COLUMN: Kildirs are loud and dramatic, but smart (9 pics)

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These Talkative Plovers Will Act Like They’re Hurt To Distract Predators From Nests, Columnist Says

It was an annoying noise that interrupted a lazy summer afternoon. I could tell it was a bird, but I couldn’t tell where exactly it was.

After about 15 minutes of hearing the call from home, I headed in the general direction the sound was coming from and walked through the trees. I also looked at the fence around the cow pasture because that’s where it seemed to come from.

The cows seemed quite tolerant of the shrill sound. Here a cow was mooing; there a cow was mooing. I imagined it was more against me than the irritating sound. It’s hard to tell with cows.

It was a quick movement in the grass that finally caught my attention. A slender bird ran, stopped abruptly and howled again. He was a contract killer. I heard the repetitive call of the killdeer which sounds like his name, but it was kind of a constant shrill beep.

The killdir is a type of plover and is considered a shorebird. They even know how to swim. Likewise, they also thrive in fields and other places away from water. Their nests are small depressions dug in the ground where there is short grass or rocks. Killdeer sometimes return from the wintering grounds singly and then pair up. Typically, they flock towards the end of summer as they prepare to head south.

Although mid-summer, this noisy seemed to be on its own. I don’t know what it was about. I understand they sometimes object when the cows are too close to a nesting site, so maybe that’s it. He may also have called a mate. The noise started long before I arrived, so it wasn’t me.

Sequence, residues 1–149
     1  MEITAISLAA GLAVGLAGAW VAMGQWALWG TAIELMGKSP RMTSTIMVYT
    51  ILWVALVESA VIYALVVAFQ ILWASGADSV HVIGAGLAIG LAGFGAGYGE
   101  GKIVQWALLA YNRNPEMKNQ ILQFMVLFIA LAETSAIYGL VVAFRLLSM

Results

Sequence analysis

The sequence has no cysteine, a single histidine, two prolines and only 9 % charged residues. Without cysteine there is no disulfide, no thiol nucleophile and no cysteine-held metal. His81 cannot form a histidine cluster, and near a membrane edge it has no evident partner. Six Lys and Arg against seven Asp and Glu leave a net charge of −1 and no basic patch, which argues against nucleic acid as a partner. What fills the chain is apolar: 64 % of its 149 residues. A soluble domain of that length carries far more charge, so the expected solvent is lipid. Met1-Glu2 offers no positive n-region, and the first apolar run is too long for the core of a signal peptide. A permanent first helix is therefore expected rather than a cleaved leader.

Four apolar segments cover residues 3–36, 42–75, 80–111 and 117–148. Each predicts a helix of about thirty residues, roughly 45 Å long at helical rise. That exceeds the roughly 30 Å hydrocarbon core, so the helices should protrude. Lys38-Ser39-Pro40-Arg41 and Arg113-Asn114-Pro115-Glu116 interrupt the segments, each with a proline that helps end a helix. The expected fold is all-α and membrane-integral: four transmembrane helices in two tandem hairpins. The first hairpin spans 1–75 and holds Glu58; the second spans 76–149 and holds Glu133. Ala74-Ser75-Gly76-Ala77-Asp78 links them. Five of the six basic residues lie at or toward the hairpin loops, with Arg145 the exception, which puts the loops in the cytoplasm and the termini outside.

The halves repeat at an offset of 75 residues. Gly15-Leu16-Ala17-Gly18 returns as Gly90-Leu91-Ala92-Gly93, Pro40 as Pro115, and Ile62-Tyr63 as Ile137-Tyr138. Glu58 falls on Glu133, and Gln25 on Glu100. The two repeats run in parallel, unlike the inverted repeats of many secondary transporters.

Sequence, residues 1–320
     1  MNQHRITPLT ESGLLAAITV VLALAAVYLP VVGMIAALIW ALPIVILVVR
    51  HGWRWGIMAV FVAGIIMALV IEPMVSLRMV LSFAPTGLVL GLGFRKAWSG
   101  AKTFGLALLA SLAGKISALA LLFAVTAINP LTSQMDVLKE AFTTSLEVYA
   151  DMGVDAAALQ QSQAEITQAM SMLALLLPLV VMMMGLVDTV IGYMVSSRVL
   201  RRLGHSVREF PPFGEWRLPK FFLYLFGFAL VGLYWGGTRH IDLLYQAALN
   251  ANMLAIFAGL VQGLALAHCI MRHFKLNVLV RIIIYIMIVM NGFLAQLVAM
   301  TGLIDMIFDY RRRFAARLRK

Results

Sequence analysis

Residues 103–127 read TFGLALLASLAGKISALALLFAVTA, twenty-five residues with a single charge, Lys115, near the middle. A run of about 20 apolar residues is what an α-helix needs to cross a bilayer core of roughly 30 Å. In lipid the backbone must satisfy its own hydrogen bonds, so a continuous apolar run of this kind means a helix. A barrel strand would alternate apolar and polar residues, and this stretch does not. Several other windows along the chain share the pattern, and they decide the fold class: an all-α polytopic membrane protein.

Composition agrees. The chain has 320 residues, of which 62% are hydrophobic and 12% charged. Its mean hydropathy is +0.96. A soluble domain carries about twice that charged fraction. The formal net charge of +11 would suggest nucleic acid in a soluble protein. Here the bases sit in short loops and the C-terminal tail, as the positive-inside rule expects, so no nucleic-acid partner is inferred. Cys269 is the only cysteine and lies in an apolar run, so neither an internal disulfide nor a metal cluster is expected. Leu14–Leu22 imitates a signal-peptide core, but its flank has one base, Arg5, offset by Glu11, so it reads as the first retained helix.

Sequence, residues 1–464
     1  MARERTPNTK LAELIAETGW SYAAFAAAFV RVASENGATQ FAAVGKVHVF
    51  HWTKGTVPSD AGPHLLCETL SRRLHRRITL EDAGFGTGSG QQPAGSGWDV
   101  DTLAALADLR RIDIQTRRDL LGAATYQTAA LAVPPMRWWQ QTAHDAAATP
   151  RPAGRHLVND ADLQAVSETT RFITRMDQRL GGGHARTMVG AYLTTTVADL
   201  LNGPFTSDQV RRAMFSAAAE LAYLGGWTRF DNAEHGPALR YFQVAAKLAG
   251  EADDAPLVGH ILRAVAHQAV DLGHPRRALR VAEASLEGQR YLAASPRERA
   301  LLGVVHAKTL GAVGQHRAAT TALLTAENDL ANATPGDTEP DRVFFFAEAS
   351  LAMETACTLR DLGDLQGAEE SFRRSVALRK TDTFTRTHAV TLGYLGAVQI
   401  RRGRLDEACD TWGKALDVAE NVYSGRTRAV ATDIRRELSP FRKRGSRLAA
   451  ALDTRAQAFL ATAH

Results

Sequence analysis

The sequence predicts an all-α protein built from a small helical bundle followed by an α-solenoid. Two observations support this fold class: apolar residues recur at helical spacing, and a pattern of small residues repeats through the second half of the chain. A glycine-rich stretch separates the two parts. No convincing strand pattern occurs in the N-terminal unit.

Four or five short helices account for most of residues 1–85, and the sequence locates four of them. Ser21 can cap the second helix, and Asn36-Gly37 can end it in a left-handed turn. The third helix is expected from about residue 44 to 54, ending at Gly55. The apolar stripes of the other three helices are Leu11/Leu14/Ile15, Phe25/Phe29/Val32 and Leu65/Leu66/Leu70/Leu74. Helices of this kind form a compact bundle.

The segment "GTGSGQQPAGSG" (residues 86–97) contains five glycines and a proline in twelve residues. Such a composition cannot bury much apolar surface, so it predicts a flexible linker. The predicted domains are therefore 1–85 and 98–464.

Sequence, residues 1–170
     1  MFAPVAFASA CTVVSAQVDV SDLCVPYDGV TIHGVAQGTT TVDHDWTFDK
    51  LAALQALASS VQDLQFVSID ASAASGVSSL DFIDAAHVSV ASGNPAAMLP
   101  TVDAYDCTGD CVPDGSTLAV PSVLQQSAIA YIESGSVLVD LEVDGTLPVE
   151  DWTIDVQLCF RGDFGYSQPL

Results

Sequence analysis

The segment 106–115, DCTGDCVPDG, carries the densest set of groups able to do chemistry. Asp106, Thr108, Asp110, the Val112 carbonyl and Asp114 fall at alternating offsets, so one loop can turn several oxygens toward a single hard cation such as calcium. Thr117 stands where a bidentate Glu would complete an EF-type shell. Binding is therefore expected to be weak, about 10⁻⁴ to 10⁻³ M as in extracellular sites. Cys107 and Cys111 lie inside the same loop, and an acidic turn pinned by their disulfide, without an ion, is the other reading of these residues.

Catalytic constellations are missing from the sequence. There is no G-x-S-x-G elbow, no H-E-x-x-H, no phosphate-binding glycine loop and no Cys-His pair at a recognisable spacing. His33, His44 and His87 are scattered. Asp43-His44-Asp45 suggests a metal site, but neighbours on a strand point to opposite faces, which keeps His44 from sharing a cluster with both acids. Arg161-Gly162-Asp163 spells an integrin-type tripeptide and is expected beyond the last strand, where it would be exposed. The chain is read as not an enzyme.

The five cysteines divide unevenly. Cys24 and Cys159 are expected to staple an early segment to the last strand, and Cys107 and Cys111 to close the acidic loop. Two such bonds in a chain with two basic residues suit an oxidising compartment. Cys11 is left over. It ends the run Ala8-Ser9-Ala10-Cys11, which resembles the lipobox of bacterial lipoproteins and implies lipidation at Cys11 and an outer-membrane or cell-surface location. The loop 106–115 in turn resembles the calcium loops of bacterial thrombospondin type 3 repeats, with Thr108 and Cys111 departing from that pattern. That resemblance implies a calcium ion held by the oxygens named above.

Allaboutbirds.org says, “Eighteenth-century naturalists also noticed how noisy killdeers were, giving them names such as talkative plover and noisy plover.” I feel validated.

According to Hinterland Who’s Who (HWW), “An adult bird will run with outstretched wings or fly directly towards any grazing animal that appears about to step into a nest or step on a chick. There are recorded cases of a cow hit in the muzzle. I would have liked to see that.

I watched the bird for a while to determine what it was, but at some point it flew away leaving no clues. I went back when the cows were further out in the pasture, hoping to see a nest. Every time I visited, I stayed outside the fence.

On the one hand, I didn’t want to step on a nest by mistake, and on the other hand, there is a bull with the cows. He seems to have a sweet demeanor. Still, it’s hard to tell with bulls.

First time I saw a killdeer here, he was walking up and down the driveway before the snow melted one spring. I could easily see his slender shape, coloring and long legs. I watched him pull the worms out of the gravel. Besides worms, they eat delicacies such as centipedes, crayfish, snails, grasshoppers, beetles and insects. Some of these things can be harmful to crops, so killdeers help farmers.

I have seen killdeers in open fields, and once witnessed the famous move of pretending to be injured to distract predators from a nest.

I like this description from hww.ca: “The bird is crouched on the ground with one wing outstretched and hanging as if broken. He collapses in a pitiful way, at the same time he cries out kill-dee-dee-ee as if in mortal pain.

The predator preys on the “injured” bird, which miraculously recovers when the nest is out of danger. It’s hard to tell with the killdeer.

I share the experiences of bird visitors to this property with readers every two weeks. Until next time, keep an eye to the sky and look for any passing birds.

To hear killdeer sounds, go to allaboutbirds.org/guide/killdeer/sounds.

Rosaleen Egan is a freelance journalist, storyteller and playwright. She blogs on her website, rosiewrites.com.

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